Table 1
Summary of cases of intrathyroidal TGDC
References Age/Sex Signs Location Gross pathology Operation Tract
Choi HJ6) 41/F Lt lower neck mass Lt. thyroid Cystic, 0.7x0.6 cm Lt thyroid lobectomy X

Shifrin Al2) 55/F Lt lower neck mass Lt. thyroid Cystic, 5x5 cm Sistrunk operation O

Hatada T7) 50/F Rt. lateral neck mass Rt. thyroid Cystic, 1x2 cm Rt thyroid lobectomy X

Johnston R8) 10/M Lt. lateral neck mass Lt. thyroid Cystic, 3.5 cm Lt thyroid lobectomy & isthmusectomy X

McHenry CR3) 9/M Lt. lower neck mass Lt. thyroid Not mentioned Sistrunk operation Not mentioned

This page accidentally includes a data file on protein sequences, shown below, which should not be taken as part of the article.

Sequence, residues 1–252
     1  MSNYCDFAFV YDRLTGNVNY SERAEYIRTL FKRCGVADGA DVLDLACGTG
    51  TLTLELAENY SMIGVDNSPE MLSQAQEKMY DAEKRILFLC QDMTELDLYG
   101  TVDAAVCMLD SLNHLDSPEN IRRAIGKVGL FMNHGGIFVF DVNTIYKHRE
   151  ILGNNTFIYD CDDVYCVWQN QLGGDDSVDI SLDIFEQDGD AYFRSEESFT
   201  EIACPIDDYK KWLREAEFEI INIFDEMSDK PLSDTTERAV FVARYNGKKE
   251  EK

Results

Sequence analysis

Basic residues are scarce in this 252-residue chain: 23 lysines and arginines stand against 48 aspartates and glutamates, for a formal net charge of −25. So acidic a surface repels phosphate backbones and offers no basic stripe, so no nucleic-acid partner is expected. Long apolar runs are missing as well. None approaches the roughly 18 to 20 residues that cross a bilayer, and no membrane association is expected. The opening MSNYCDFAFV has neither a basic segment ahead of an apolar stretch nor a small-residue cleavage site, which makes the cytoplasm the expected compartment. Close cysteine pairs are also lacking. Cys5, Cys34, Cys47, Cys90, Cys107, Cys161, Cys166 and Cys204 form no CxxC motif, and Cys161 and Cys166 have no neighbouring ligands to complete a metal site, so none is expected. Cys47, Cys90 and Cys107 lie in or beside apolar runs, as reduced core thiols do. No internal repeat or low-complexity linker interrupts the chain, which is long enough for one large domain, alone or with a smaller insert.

Huang LD4) 45/F Lt lower neck mass Lt. thyroid Cystic, 4x4 cm Lt thyroid lobectomy X

Hong YT(This case) 45/F Rt lower neck mass Rt thyroid and
Upper mediastinum
Cystic, 3x7 cm Rt thyroid lobectomy X
In conclusion, intrathyroid TGDC arises from the right inferior pole of the thyroid, is extremely rare, and should be ruled out from other cystic lesions such as: simple thyroid cysts, branchial cleft cysts, thymic cysts, parathyroid cysts, primary TGDC carcinomas and metastatic thyroid carcinomas. Accordingly, its clinical presentation and radiological appearance must be anticipated. Here, we report a very rare case of intrathyroid TGDC in the inferior pole of the right thyroid extending into the mediastinum.


This paper was supported by Fund of Biomedical Research Institute of Jeonbuk National University Hospital.